In other words, an eminent expert is suggesting that catheter ablation may deliver overall health results no better than sham surgery! Sham or “placebo” surgery is a method that has been used in recent years to assess the effectiveness, or lack thereof, of various surgical procedures, by comparing the operation which is under study with an equal number of completely fake ones -- with the patient unaware which category he has received. Comparison of overall health outcomes (mortality and morbidity) has yielded devastating results in the case of numerous previously common operations. So, very serious caution is certainly warranted!
Available medications are largely unsatisfactory. They all have either dangerous risks, or limited duration of effectiveness, or both. In some cases, when one antiarrhythmic drug loses effectiveness in a particular patient, he or she can be transferred to another. But, in most cases, eventually the safely usable doses of all available medications cease to be effective.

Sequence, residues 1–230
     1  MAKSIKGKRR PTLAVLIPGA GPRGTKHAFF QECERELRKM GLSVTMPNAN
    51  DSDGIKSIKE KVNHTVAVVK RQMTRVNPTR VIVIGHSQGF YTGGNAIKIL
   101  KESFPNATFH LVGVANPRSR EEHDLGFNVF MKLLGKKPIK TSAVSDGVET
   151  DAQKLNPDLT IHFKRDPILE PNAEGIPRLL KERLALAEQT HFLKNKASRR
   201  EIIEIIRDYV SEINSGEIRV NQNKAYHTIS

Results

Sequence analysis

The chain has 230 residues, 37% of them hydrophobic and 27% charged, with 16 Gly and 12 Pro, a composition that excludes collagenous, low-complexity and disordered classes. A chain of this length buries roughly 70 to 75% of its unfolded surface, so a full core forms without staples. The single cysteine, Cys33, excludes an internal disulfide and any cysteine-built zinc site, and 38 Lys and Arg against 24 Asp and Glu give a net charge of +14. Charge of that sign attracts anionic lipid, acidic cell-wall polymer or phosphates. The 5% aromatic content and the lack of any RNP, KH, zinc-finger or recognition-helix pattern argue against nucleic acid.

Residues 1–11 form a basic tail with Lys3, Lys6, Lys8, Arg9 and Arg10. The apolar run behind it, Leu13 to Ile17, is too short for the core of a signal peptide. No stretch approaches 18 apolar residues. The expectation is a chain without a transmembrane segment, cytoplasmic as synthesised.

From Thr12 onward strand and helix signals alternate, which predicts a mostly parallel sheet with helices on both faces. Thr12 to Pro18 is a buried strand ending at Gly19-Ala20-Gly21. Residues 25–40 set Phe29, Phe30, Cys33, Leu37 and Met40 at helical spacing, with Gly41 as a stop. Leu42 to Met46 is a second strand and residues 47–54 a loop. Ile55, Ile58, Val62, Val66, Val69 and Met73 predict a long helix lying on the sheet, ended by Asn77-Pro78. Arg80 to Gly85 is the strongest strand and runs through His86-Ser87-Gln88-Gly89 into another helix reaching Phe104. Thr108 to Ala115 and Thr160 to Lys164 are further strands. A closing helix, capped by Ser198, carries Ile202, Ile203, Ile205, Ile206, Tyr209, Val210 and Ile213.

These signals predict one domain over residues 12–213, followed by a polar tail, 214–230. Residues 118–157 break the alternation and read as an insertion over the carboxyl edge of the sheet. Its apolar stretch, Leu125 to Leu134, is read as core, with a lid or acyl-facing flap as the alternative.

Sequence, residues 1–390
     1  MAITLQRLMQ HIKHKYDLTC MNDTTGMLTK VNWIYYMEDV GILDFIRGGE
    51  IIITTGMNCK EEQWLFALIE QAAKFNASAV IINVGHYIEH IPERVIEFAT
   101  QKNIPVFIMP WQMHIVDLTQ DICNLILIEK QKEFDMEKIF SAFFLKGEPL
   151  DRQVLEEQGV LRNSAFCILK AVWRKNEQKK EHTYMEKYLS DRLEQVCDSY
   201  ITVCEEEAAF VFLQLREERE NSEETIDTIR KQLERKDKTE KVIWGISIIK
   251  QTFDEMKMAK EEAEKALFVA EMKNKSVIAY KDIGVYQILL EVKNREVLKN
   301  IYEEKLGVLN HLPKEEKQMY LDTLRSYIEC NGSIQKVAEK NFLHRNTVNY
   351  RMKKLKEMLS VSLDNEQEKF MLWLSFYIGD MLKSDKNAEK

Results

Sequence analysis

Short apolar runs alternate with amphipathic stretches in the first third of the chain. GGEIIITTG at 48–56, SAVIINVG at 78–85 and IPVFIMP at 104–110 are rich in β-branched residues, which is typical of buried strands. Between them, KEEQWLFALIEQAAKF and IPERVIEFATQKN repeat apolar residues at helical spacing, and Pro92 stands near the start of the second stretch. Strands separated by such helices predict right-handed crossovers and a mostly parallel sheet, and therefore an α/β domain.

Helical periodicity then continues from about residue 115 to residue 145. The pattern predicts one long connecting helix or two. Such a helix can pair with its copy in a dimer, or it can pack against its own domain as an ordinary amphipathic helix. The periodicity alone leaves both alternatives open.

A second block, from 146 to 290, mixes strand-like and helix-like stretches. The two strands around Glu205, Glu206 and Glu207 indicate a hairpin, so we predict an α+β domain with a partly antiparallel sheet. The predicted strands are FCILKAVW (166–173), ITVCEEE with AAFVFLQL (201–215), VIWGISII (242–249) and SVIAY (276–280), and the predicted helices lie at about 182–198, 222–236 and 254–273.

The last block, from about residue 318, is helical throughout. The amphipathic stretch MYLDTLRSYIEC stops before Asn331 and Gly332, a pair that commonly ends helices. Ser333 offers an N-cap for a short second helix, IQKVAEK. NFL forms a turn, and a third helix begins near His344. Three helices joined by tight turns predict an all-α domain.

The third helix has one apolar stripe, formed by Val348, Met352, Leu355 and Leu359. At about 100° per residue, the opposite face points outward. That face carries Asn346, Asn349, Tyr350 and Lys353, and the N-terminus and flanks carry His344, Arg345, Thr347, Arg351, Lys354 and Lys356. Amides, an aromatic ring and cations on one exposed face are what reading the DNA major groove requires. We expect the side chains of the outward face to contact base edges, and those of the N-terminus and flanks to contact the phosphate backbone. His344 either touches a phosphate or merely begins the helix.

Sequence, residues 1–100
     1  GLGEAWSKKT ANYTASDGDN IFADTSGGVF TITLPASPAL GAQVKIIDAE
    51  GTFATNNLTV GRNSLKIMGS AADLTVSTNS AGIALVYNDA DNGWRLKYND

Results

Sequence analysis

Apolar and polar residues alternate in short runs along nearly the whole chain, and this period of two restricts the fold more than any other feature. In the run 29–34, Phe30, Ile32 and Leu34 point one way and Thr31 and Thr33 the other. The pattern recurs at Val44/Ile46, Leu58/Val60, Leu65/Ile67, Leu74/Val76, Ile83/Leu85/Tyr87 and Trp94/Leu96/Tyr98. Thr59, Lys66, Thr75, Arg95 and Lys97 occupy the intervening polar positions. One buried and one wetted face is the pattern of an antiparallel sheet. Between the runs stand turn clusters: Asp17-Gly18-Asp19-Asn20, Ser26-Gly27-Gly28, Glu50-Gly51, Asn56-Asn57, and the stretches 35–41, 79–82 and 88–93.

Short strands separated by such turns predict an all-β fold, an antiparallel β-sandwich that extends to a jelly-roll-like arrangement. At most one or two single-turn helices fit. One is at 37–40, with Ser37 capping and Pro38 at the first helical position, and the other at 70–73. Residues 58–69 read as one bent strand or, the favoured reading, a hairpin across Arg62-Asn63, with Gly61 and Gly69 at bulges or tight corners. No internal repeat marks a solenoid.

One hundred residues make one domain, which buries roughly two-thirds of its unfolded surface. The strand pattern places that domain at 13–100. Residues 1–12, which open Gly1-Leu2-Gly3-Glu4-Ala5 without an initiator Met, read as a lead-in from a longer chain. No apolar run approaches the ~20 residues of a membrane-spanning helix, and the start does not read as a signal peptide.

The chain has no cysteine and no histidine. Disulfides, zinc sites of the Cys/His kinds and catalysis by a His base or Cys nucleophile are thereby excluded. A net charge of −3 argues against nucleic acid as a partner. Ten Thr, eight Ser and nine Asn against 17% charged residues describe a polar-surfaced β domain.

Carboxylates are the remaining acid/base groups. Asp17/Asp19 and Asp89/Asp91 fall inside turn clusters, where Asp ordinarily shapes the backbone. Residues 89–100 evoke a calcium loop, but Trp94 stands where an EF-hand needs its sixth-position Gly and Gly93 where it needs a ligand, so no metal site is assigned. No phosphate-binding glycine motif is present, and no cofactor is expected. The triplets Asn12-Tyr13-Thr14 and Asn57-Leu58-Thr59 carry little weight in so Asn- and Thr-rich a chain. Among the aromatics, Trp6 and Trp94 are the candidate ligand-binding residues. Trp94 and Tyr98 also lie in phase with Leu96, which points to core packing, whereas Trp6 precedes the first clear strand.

So, overall, existing treatment options are unsatisfactory and many specialists in the field acknowledge this and are very eager for improvements. That is why any dietary protocol or lifestyle variation, that a sufferer can undertake him or herself, is so valuable. Using any such protocol will avoid or delay the risks of the medical and surgical approaches, and even a mere delay gains the sufferer extremely valuable time while medical and surgical techniques improve.
These factors would make even a difficult or unpleasant diet or lifestyle variation well worthwhile. However, the protocol described on this site is not difficult or unpleasant (I certainly enjoy the food) and the fact that the diet very much fits a Palaeo pattern gives great comfort that one is doing oneself no other harm and may well be doing the very best that can be done for oneself in a dietary sense -- because it is certainly a very reasonable bet that any all-natural diet which successfully diminishes something that is as persistently incurable, and that otherwise deteriorates as absolutely relentlessly as atrial fibrillation, is also very likely to be pushing several other underlying health issues in exactly the right direction!